Saturday, May 28, 2005

The Communist Name Game

J.P., commenting over at Publius Pundit on the recent election , wrote
I always have mixed feelings about elections in Third World or former Communist nations. If a candidate wins a free, fair, and democratic election, but his plan of action is something that painful experience has taught us won’t work (like socialism), is the country better off than it was before? At this point in the development of nations like Mongolia, it’d be a lot better for them to have stable leadership that was sure to follow free market policies. Have we forgotten that “the people” don’t always choose wisely, and that a majority can just as easily vote themselves into economic oblvion as they can choose wisely?
Robert Mayer responded:
I know what you mean, but it seems that these communists are just communists in name only. Judging from the platforms and situation of the country, all of the parties want to make the country better instead of serving as a vassal state to Russia or the like.
I'd like to second Robert on this one, more or less. During our recent trip to Mongolia in January, we had the opportunity to lunch and converse with a former member of the Mongolian Parliament. He was (and remains) a member of the Mongolian People’s Revolutionary Party (MPRP, the erstwhile Communist Party). During the course of our conversation, I asked him about the party and why in the age of free-markets and democracy the party hasn't changed its name to something more, well, free-market/democratic. His response was enlightening.

The MPRP is the "legacy" party of Mongolia. When Mongolia gained its independence from China and underwent its Communist Revolution in in the 1920s, the MPRP became the dominant, and eventually the sole, party. As the only party, every aspect of communism, good and bad, became associated with it. While Mongolia certainly suffered its share of the bad, things there weren't quite as horrific as some of us in the free world believed at the time. In fact, my fellow blogger, Mongol, has said that stability, security, peace, and provision were hallmarks of the latter history of Communist Mongolia. That said, people were still not happy in the thrall of communism. Peaceful and well-fed they might have been. But free they were not.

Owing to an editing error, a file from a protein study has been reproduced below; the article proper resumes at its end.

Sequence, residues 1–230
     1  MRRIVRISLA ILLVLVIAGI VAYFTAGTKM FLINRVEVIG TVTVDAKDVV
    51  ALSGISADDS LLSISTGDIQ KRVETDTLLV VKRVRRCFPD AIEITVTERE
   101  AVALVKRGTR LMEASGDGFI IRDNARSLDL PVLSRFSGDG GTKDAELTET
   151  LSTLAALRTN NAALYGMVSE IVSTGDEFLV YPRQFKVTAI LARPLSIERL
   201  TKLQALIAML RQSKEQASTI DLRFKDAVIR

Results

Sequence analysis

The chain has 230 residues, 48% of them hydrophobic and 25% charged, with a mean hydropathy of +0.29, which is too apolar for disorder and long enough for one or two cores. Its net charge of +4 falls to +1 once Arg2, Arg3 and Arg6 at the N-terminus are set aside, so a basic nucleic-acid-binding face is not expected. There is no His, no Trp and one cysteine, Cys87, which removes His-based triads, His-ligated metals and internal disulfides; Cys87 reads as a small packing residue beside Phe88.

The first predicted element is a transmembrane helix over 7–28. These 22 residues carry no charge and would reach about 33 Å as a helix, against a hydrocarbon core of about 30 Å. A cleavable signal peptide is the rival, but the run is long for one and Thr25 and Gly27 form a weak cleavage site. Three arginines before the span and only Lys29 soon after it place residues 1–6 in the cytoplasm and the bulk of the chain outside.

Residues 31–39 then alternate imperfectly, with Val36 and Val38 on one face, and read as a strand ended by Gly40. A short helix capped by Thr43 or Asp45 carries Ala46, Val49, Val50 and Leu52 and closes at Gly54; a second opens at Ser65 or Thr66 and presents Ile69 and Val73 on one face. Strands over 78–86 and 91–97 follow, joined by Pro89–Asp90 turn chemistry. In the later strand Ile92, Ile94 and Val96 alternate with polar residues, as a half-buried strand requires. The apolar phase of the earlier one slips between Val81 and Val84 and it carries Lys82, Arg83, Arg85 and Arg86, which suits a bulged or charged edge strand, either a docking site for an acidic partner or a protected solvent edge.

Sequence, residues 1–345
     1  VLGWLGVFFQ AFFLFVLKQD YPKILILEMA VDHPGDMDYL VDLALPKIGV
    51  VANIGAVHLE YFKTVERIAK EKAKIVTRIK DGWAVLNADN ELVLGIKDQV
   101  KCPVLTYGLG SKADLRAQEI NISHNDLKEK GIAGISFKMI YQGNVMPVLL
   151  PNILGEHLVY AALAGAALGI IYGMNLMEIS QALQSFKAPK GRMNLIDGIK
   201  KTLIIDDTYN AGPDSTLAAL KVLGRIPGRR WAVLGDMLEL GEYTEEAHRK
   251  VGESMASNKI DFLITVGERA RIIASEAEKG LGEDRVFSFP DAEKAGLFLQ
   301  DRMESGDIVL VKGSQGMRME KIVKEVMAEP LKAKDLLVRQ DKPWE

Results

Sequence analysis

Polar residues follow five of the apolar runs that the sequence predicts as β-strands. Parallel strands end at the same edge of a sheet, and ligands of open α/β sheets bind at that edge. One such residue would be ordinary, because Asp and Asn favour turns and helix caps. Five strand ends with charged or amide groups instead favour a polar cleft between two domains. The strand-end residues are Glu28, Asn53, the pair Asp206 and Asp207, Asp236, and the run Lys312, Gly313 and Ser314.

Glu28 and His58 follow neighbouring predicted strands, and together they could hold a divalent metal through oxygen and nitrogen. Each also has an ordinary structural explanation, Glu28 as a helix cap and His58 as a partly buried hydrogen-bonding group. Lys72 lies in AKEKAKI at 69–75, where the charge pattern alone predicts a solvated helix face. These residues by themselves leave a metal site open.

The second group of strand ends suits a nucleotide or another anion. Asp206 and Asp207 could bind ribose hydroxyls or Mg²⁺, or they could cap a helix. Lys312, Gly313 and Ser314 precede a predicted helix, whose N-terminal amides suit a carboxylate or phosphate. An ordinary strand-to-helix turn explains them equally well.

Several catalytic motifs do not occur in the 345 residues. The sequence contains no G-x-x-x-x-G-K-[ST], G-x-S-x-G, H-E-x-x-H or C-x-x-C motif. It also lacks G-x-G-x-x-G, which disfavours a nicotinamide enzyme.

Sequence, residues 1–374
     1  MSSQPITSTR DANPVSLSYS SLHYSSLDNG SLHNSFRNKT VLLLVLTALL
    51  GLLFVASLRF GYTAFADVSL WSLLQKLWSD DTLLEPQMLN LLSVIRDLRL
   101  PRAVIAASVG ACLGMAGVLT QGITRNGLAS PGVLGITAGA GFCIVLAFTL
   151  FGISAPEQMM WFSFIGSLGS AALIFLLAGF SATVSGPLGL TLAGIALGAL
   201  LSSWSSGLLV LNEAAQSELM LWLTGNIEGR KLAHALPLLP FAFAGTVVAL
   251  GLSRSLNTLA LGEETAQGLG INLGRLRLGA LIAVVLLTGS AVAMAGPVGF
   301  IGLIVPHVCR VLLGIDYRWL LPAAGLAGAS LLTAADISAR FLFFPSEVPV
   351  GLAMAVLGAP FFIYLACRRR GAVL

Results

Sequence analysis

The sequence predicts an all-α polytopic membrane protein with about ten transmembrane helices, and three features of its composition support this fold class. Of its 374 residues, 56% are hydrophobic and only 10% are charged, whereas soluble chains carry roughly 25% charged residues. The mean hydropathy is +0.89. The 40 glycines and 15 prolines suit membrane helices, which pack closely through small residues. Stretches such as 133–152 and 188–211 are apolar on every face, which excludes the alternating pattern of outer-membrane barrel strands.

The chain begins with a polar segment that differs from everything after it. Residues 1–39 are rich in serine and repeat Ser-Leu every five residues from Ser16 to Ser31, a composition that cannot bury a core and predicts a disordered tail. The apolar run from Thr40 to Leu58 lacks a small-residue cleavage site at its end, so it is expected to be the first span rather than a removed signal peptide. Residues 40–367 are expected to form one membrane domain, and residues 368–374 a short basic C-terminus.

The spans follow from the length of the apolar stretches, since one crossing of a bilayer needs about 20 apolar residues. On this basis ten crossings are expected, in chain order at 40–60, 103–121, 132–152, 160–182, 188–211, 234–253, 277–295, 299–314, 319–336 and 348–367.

When the country became democratic in the early 1990s, the Mongolians streamed to the polls to vote for the fledgling democratic parties. The new parties held power or at least significant influence more or less through the end of the decade. While many of the laws they passed opened the country to capitalism, a free market, and further democratic reforms, the politicians themselves were poorly educated as to the true meaning and practice of democracy. Corruption became rampant as the reformers took the reins of government.

In light of the few ups and the many downs that the people on the street (and the steppe) associate with a nascent democracy, a majority of Mongolians have turned back to the party that they nostalgically remember from more stable and prosperous times. Not only so, having suffered defeat at the ballot box for a number of years, the MPRP had recast itself as a a party supportive of democratic reforms and a free market. While performing a radical ideological overhaul, they maintained some of its socialistic underpinnings the revered historic name. This has allowed the party to have the best of both worlds. On one hand, they retain a name that the older generations associate with pleasant memories and will vote for. On the other hand, they voice a number of the democratic and free market ideals that have swept the nation and in so doing have garnered the support, of many younger people.

The decision to keep the name "Mongolian People's Revolutionary Party" was thus mainly a political one. And, if the recent election is any indication, a successful one.


Blogger samraat said...

4/04/2010 10:11 PM  

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